The Legal Beat
Lawsuit Against Struggling Law School Alleges They Tried To ‘Artificially Inflate’ Bar Exam Passage Rate
Posted on Monday September 23, 2019
Things aren’t really going well for Florida Coastal School of Law. After their application to the American Bar Association to convert to a nonprofit school was denied, they also had their dean up and quit only a few weeks into the semester… oh, and the law students’ federal loan disbursements were delayed. Then last week a lawsuit was filed against Florida Coastal by a former student alleging the school hatched a plan to “artificially inflate” the bar exam passage rate of its students, since one of the issues the law school has had with the ABA’s accreditation standards is its low bar passage rate.
The Jane Doe plaintiff seeks $500,000 in damages and the complaint alleges the bar prep class the law school instituted as a graduation requirement was designed to “weed out students” prior to graduation in an effort to “artificially inflate” bar passage rates. Students who didn’t pass the bar prep class couldn’t graduate and therefore were ineligible to sit for the bar exam. Unfortunately, the complaint alleges that what it took to pass that bar prep class was constantly changing and inconsistently applied, as reported by the Jax Daily Record:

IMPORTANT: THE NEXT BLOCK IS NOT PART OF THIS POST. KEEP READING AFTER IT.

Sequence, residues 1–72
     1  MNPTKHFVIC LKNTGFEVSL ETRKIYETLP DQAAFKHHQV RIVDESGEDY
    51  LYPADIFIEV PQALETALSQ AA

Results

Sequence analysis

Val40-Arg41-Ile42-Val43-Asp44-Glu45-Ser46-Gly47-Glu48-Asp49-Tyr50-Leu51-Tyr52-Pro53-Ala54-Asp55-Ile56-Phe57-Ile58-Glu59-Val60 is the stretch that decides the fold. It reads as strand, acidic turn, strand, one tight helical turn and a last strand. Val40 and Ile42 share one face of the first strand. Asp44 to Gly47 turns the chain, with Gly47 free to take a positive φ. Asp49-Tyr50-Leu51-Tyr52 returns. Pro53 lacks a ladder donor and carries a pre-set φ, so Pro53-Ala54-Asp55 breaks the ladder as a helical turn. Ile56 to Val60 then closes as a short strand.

The plaintiff alleges that halfway through her time at the school, Florida Coastal changed its passing and graduation requirements; that she was forced to enroll in a Bar examination preparation course; and that Florida Coastal repeatedly changed the passing requirements for the course between semesters.
Originally, the complaint alleges, a 60% score was required to pass the course. Students were advised that was changed to 50%, but grades above the 50% percent threshold would not be determined by the number of questions answered correctly, but rather based on a curve relative to the scores of other students.
Thus, even within the same class, FCSL did not apply grading rules consistently, with some students graded on a curve while others were graded and failed (including the plaintiff) strictly based on the number of questions answered correctly.
Interim Dean Jennifer Reiber said the law school did not have a comment on the litigation.
Kathryn Rubino is a Senior Editor at Above the Law, and host of The Jabot podcast. AtL tipsters are the best, so please connect with her. Feel free to email her with any tips, questions, or comments and follow her on Twitter (@Kathryn1).